Eddie Howe proving his managerial pedigree in Premier League


“Eddie had a dream,” sung the hordes of Bournemouth fans tucked into the corner of Stamford Bridge on Saturday evening. And for many of the 3,000 visiting supporters, this would have been a fantasy realized, as they celebrated a shock 1-0 win over Chelsea.

Regardless of the troubles endured by the Blues this season, this was a remarkable result for the Cherries. For a team of their humble stature, to rock up at the home of champions, perform as if undaunted, dig in and then snatch a win, it was a superb effort, propelling them out of the bottom three in the process.

The display was also an emphatic indicator of Eddie Howe’s managerial pedigree, which some have prematurely doubted during Bournemouth’s debut campaign in the Premier League.

Many pundits have castigated the fresh-faced boss for not deviating from the enterprising model which saw the Cherries tear up the second tier. With the spine of the side ripped out due to poor fortune with fitness, there has been a harsh period of adjustment for the players and many experts felt a more defensive, disciplined set-up would have been more prosperous in terms of points.

Howe has been unshakeable in his belief in his principles, though, and it seems his players, emboldened by their manager’s eminent poise, are beginning to finally garner a foothold in the top flight.

Prior to the triumph at Chelsea, Bournemouth salvaged a point with a spirited second half showing against an in-form Everton team, coming back from the brink on two separate occasion. Anyone who watched that game will attest to the fact that the Cherries, if anything, deserved a victory.

Nevertheless, they carried the momentum accrued from that 98th minute rescue job to Stamford Bridge and produced a showing which their manager described as the best in the history of the football club.

It wasn’t just a smash and grab either. Against a Chelsea team which hadn’t lost to a newly promoted team at home in 43 attempts, Bournemouth took the game to the Blues in the first half. Their attacking play was polished, their control in midfield total and against an attack which contained Eden Hazard, Pedro, Oscar and Willian, the defense was relatively untroubled.

Granted, Chelsea did up the ante in the second period to relieve some of the pressure on Thibaut Courtois’ goal, but Glenn Murray’s smuggled winner late into the game was richly deserved for the game visitors.

It was the kind of decisive impact Bournemouth have lacked at times this season. Without their star striker Callum Wilson to call upon and big issues finding a consistent presence between the sticks, it’s no surprise they’re languishing down in the lower reaches of the campaign. But looking past the poor results, there are few games in which the Cherries have played badly in overall.

They are evidently a team which is coached tremendously by the scrupulous Howe. At Stamford Bridge, the interchanges in play were almost telepathic between the forward players. They each knew when to drop into space and when to run in behind; there is nothing overly flashy about their general play either, just short, sharp passing and clever positioning.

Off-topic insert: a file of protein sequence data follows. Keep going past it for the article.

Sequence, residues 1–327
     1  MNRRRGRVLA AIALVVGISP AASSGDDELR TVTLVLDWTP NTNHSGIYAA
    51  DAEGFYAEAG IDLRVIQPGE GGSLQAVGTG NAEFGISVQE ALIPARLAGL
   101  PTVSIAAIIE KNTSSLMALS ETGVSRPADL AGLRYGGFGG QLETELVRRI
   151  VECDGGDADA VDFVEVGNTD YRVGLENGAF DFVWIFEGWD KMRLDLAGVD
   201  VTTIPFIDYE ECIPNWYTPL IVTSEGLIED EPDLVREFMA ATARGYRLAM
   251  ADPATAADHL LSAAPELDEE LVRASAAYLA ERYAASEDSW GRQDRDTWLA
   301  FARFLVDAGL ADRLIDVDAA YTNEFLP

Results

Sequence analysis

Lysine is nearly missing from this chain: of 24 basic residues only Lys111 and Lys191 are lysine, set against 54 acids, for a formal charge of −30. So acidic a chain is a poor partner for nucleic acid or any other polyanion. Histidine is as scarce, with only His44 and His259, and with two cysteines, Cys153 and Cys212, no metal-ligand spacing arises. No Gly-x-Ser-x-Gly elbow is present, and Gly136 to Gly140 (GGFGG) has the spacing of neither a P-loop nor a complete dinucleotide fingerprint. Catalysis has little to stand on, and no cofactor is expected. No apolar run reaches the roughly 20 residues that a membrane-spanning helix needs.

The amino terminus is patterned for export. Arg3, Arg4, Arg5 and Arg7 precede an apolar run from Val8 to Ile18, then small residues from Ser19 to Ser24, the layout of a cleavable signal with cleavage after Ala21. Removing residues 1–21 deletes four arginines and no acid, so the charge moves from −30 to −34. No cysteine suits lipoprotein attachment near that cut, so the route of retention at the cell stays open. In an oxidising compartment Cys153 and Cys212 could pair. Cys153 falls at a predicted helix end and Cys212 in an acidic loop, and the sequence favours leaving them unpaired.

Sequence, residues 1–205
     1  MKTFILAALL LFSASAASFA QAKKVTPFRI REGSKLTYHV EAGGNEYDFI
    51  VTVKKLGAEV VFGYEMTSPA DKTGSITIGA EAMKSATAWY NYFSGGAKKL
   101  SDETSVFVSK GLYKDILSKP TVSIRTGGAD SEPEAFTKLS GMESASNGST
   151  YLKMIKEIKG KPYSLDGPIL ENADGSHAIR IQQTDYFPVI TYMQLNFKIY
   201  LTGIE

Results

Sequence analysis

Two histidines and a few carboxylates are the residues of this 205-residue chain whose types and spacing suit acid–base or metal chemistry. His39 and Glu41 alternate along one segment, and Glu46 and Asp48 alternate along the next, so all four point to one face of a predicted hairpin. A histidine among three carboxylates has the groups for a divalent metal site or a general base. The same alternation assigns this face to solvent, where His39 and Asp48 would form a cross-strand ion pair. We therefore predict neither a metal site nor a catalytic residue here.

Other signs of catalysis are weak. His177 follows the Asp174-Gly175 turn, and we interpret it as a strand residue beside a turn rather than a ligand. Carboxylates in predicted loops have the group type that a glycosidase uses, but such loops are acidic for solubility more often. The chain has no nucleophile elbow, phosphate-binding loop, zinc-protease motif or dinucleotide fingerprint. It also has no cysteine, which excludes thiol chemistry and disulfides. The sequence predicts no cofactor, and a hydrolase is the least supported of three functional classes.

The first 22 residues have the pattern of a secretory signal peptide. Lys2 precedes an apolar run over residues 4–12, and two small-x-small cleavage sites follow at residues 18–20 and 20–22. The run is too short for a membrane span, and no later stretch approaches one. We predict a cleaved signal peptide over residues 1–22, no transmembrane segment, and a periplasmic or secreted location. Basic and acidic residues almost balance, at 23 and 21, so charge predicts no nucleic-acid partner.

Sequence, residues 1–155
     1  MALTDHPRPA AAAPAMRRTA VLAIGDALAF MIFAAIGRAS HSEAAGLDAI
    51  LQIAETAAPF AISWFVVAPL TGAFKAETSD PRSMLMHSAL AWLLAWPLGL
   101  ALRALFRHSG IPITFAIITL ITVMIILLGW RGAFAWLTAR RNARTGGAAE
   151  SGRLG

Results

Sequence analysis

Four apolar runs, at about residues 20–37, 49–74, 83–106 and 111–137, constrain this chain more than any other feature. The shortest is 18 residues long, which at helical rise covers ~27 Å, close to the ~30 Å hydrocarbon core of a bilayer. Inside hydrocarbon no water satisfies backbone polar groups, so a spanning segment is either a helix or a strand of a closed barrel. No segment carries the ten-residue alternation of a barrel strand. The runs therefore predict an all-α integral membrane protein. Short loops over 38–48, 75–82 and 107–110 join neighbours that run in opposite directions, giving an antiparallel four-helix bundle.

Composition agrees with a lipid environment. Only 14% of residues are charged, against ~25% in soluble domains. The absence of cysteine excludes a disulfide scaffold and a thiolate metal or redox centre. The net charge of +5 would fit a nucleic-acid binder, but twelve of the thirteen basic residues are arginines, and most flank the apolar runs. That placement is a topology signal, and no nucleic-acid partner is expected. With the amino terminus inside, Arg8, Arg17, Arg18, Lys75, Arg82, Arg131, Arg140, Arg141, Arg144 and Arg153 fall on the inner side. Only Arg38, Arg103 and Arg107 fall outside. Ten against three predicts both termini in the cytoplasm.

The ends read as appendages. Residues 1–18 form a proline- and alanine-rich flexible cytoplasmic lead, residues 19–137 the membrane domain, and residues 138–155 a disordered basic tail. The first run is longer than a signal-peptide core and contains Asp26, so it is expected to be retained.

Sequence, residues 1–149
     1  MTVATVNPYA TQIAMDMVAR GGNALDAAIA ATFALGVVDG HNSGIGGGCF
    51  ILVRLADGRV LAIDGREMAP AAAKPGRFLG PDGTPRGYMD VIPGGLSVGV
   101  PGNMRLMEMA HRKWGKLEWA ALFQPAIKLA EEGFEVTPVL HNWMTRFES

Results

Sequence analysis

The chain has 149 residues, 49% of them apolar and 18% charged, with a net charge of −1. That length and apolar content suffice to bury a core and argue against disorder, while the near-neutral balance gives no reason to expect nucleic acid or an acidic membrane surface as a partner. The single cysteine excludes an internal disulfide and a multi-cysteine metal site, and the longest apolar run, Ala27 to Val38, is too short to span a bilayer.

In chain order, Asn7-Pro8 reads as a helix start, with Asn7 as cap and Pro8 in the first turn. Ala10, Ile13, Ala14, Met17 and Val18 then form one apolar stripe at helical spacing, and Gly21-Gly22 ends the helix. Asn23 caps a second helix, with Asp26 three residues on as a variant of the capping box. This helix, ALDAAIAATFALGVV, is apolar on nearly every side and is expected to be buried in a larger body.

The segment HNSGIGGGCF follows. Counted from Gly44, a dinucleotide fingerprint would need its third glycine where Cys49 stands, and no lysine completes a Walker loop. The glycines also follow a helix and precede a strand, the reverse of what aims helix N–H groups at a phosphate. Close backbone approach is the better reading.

It gives their approach play a paradoxical sense of mechanical fluidity. Mechanical in that all sections of this attacking unit know where they needed to be at all times, and fluidity in the interchanging of positions and slickness of their passing.

To get a group of players who are far from illustrious to perform with such conviction is testament to Howe. His unyielding belief his principles is embodied by his squad who have been a reflection of their vibrant boss. It’s also a surefire sign that Howe is cut out for the Premier League and would inevitably thrive with a better standard of player at his disposal.

Much of the praise which has come Howe’s way during Bournemouth’s rapid rise has been centered around his guidance of the Cherries from the depths of the football league up to the big time. But the Premier League was always going to reveal a lot about the Englishman, putting his conviction in his beliefs to the ultimate test. So far, he seems to be taking it all in stride.

Of course, the Chelsea win is just one result and Bournemouth still face a massive challenge to keep their Premier League status intact this term, with signs of life from the likes of Aston Villa, Newcastle United and Sunderland this weekend. But there have been signs aplenty Howe is a coach on track to achieve great things in English football, whether with the Cherries or elsewhere.

Managing better players and a bigger club would pose different kinds of challenges for Howe. But when the day does come for the popular manager to leave the south coast, there are diminishing doubts that he’ll be anything other than a roaring success.

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